a rainy street corner and a car comes by and splashes you, you go, i got wet. if the car happens to be filled with people other than you, and the car comes by, you tell the was standing on a street corner and a car came by filled with black people. when we ared time dealing with other. we may observe a group doing something, but we need to look back in our own societies and own collection of folks and understand that same commonality, or racism toward one another takes place. that is just human nature. that is as old as the old testament. there is nothing new under the sun. akin, good morning. guest: mr. burns, thank you very much for the work you did. i always enjoy your programming.
i have three questions to ask you. host: i don't know if we are going to get all three. give us one of them. guest: ok. what were the contributions of the africans and african to slavery? the book i read did not mention when the whites came to get africans? guest: this is a good and important question. we were continuing this conversation about race. is af the things he says tough about the number of african americans murdered by police. we don't have about the violence that african-americans commit on one another all the time.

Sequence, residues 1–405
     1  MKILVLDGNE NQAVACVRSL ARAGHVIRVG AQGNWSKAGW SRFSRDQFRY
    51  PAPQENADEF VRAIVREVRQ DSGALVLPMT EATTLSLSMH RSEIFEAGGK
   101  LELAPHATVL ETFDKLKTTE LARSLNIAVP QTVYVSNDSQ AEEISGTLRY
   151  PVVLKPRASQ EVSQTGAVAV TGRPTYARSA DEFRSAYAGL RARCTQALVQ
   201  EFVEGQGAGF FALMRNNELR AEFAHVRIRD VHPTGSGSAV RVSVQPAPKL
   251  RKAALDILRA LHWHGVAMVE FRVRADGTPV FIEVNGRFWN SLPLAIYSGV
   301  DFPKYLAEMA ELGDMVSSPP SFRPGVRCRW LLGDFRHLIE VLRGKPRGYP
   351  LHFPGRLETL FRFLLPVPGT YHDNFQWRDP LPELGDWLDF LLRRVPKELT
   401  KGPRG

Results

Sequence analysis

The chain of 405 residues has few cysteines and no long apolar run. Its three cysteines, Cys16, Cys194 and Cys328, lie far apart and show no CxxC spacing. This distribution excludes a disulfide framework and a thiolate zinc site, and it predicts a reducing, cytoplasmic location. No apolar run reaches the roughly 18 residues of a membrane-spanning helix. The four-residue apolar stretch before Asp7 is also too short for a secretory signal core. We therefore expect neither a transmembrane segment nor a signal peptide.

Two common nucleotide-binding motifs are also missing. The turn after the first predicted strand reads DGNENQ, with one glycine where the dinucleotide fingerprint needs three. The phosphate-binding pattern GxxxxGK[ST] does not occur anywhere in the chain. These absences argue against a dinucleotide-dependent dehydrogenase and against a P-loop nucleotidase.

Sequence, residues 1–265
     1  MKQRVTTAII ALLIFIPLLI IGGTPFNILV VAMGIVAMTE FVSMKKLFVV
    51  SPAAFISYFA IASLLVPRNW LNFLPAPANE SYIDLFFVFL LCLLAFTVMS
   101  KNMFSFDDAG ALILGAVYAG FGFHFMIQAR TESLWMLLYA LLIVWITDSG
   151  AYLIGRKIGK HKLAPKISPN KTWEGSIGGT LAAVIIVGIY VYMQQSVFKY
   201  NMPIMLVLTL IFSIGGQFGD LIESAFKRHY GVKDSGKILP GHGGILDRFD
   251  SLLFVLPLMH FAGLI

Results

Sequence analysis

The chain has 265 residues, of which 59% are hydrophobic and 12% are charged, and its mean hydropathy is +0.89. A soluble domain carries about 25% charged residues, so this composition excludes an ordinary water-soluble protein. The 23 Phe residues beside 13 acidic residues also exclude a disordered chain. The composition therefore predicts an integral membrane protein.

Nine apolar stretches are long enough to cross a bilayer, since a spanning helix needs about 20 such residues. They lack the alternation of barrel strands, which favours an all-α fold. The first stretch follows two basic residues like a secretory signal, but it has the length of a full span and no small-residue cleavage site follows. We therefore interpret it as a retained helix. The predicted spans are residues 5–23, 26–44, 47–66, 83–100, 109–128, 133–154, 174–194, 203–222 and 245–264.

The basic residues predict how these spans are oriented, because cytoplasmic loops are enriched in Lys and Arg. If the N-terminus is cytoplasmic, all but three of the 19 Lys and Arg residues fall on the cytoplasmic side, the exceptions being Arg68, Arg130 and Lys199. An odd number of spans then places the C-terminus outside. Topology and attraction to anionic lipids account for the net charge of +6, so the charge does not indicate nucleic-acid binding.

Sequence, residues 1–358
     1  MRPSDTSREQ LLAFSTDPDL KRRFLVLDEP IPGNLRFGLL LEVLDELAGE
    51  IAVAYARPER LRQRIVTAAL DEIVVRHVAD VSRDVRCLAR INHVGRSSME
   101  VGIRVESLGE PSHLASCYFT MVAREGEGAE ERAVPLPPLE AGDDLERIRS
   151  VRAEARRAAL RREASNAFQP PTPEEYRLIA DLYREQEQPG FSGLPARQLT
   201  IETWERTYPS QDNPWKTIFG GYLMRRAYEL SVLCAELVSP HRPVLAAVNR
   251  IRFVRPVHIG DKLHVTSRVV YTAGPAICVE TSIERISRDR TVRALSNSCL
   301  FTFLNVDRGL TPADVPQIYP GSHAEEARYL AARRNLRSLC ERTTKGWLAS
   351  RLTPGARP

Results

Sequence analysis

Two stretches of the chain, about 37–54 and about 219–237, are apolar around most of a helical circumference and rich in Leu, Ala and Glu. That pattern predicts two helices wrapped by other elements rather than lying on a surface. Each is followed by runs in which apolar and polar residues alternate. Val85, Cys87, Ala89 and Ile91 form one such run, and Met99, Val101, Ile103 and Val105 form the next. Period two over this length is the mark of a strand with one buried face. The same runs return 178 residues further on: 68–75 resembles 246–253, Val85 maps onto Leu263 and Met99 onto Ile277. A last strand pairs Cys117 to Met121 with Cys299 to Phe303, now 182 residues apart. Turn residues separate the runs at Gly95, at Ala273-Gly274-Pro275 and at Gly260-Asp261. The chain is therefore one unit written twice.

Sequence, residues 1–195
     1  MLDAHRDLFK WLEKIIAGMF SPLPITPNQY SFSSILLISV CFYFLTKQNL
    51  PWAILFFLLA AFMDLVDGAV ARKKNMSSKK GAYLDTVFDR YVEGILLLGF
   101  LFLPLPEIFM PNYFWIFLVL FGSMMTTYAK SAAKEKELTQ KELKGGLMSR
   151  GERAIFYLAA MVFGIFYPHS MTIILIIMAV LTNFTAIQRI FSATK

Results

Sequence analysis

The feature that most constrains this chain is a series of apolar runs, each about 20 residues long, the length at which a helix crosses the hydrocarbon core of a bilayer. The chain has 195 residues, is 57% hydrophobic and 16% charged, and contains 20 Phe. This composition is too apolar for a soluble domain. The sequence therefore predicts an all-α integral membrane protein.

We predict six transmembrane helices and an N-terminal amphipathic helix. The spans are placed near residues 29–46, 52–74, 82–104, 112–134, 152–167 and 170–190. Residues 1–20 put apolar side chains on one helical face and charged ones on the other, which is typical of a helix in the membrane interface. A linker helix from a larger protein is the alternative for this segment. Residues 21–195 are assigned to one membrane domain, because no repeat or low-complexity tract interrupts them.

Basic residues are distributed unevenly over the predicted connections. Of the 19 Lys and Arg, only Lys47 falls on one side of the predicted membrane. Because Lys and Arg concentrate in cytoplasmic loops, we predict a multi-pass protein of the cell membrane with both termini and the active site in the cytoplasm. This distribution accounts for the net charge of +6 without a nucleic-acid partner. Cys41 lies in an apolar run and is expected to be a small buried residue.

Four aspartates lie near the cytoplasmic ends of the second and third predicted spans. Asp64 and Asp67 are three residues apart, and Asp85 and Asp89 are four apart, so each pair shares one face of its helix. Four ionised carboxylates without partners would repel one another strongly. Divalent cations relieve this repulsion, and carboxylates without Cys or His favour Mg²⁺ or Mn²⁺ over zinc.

it is really true. the complicity of other africans in the slave trade is not just bad white people went there and did it, but africans were very much a part of it, which proves my earlier point that human nature remains the same. it is not liked black people are all this way, we are all the combination of those things and even within us, we are subject to temptations. we know we do good things. we know we do that things. the purpose is to learn from it. you have to tell the complete story. there is something liked 15 million africans were stolen from africans into slavery. only 400,000 came to the united states. rest went into the caribbean and south america, brazil. you suddenly go, wait a second, we are talking about one 30th of all slaves taken from africa